#FeelGoodPhotoOfTheDay – Emerald
Darting and diving above
ShareMondays2019 – Fade To Grey
Dragonflies are usually quite short-lived, maybe only a week. Often an over-mature, older individual will be fading in tone and colour. This is an over-mature female black darter dragonfly found yesterday at Thursley Common NNR. It was resting on the sand, soaking up warmth for energy. Unlike many of the other dragonflies seen yesterday, this individual allowed fellow photographer Paul and I to get up really close with our macro lenses. I believe it stayed put for so long as it’s trying to conserve as much energy as possible in it’s old age. What a privilege though!
I was instantly struck by it’s fragility and faded colours. Black darters are our only truly black species and mature males are very striking, deep black with a few flashes of yellow. They’re also our smallest species of dragonfly! This individual had become parchment-like and translucent. The blacks had faded to blue-grey and brown tones while the eyes had become much lighter in tone and were strikingly beautiful. There really is a haunting beauty in the ageing of many winged insects that strikes a chord with me. It made me think of the Visage song Fade To Grey:
Feel the rain like an English summer
Hear the notes from a distant song
Stepping out from a back shop poster
Wishing life wouldn’t be so long
Aaah, we fade to grey (fade to grey)
ShareMondays2019 – Dragon Flight
Male Migrant Hawker dragonflies are on the wing, defending their territories. I love watching them! They have a flight pattern and favourite areas to hover. That’s the trick to photographing them in flight! Of course they don’t always stick to the pattern exactly so it can take a bit of patience. Of all the flight images that I’ve captured over the weekend, this shot taken from above is definitely my favourite. It’s a perspective that I haven’t managed before. Standing on the boardwalk at Heather Farm allowed be to get above this particular dragon. It was late in the day so I used a slower shutter speed than normal (1/200th) in the fading light, but it gave a really pleasing effect to the wings.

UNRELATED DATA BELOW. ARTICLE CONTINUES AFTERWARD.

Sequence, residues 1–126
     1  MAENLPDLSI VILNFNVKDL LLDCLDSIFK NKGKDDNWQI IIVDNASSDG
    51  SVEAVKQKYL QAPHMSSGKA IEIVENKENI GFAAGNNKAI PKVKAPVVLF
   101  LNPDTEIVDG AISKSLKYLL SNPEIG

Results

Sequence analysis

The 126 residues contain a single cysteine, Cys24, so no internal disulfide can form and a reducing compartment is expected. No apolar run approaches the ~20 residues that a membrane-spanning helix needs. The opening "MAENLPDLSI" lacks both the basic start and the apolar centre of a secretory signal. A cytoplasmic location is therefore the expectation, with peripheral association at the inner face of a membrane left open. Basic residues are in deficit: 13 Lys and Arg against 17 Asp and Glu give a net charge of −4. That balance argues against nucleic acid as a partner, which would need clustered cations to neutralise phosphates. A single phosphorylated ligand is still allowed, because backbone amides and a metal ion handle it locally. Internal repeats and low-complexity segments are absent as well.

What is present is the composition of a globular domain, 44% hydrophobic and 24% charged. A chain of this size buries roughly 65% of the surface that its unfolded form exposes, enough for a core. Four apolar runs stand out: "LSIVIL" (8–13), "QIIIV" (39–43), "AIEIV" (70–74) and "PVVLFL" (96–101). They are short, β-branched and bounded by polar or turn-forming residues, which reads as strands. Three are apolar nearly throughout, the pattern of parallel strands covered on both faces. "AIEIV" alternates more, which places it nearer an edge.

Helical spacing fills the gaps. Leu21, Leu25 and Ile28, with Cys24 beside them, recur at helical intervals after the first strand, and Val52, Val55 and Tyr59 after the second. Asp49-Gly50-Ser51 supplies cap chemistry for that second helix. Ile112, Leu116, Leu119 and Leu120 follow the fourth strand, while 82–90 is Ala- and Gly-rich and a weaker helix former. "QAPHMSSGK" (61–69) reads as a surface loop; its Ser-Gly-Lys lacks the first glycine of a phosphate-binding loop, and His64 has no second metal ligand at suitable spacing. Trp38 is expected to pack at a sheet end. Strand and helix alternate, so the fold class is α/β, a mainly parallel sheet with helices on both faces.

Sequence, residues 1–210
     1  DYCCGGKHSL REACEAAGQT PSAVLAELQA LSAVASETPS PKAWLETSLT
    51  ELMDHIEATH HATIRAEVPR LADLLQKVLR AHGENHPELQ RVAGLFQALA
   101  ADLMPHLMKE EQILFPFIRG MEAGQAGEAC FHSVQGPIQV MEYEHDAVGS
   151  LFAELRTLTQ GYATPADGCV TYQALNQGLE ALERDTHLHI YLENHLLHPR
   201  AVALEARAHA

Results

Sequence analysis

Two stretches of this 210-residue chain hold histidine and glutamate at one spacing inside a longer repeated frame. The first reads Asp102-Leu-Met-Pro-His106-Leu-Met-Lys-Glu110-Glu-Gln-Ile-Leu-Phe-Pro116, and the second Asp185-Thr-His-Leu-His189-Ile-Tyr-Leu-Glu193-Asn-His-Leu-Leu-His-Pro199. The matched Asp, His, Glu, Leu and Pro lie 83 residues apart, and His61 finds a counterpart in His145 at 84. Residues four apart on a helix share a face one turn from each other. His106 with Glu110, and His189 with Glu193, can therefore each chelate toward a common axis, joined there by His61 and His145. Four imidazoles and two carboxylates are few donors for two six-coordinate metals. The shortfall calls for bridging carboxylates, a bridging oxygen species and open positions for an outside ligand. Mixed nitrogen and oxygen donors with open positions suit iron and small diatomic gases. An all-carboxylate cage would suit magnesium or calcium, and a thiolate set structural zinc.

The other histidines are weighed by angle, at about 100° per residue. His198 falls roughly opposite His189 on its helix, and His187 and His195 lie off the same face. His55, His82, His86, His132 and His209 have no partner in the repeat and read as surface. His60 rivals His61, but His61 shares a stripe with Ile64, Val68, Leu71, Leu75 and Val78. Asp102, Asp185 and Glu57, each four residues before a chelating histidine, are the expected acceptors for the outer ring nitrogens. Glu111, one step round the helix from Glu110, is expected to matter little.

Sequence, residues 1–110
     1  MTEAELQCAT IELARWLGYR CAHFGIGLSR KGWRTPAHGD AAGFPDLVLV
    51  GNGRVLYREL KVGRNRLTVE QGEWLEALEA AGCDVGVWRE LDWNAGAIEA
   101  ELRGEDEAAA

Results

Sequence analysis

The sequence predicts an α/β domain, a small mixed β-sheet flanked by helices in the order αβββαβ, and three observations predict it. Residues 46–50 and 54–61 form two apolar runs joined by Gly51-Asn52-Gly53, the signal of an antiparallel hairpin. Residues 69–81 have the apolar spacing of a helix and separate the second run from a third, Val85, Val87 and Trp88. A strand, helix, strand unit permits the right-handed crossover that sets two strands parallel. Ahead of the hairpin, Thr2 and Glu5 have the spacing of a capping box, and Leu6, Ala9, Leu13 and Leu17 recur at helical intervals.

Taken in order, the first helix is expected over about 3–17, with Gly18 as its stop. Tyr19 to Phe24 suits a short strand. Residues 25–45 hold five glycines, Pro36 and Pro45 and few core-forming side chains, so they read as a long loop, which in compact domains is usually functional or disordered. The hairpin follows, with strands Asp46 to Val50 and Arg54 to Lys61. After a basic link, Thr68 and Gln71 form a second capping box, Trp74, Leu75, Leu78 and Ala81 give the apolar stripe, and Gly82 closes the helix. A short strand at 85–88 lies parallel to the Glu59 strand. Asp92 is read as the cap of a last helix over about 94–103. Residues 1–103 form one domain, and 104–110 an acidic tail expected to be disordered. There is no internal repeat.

ShareMondays2018 – Summer Has Flown By
A beautiful, male southern hawker dragonfly, fiercely protecting his territory, at RHS Wisley Gardens, in the warm sunshine yesterday. These hawkers are dragonflies of Autumn, seen into October and occasionally even November. I’m sharing this beauty for this week’s ShareMondays2018 and Fotospeed challenges.
Summer has flown by
In the mere blink of an eye
Autumn colours reign
Eye To Eye
The mountain village of Pyli, on Kos Island, is a favourite haunt of ours when we visit. The fresh water springs and public fountains are a relaxing spot with an abundance of wildlife. This dragonfly was good enough to stay posed while I manoeuvred to get face on with it and stared straight down the lens into those amazing eyes!
The Emperor’s Salute
My specimen might be a bit tatty around his wings but these male emperor dragonflies are the real spitfires of the insect world, fighting hard and fast over their territory. He almost seems to be saluting me but I know that this behaviour is actually about cleaning and protecting those incredible and complex eyes! This close-up view was captured in the late afternoon last week, when the tired fliers start to roost in the reed beds. I’m putting this into the mix for this week’s Wex Mondays challenge.
ShareMondays2018 – Emerald
Downy Emerald Dragonflies are found mostly in the South of England. They’re on the wing now at Thursley Common National Nature Reserve. I was able to watch a number of them flying around the edge of The Moat Pond next to the reserve car park. They’re very territorial and quite mesmerising to watch, darting about with the metallic greens and golds flashing in the sunlight! I’m sharing this image today for ShareMondays2018 and the Wex Mondays challenges. Good luck to everyone taking part!
Ready For The Close-Up
I suspect that this dragonfly, at RHS Wisley Gardens, had only recently emerged when I found it yesterday. I wouldn’t usually be able to get this close to one! They have incredible eyes that take up most of the head, allowing them to see almost all around them and in higher definition than we mere humans could ever hope for. This is my entry for the Fotospeed challenge this week. Good luck everyone!
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